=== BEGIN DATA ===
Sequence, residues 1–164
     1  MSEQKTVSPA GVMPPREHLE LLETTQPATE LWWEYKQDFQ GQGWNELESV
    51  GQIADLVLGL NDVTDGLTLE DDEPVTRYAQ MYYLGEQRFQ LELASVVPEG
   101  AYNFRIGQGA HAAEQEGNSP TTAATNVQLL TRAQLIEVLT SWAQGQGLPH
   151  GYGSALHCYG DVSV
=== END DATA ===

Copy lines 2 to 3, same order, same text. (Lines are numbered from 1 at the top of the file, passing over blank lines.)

     1  MSEQKTVSPA GVMPPREHLE LLETTQPATE LWWEYKQDFQ GQGWNELESV
    51  GQIADLVLGL NDVTDGLTLE DDEPVTRYAQ MYYLGEQRFQ LELASVVPEG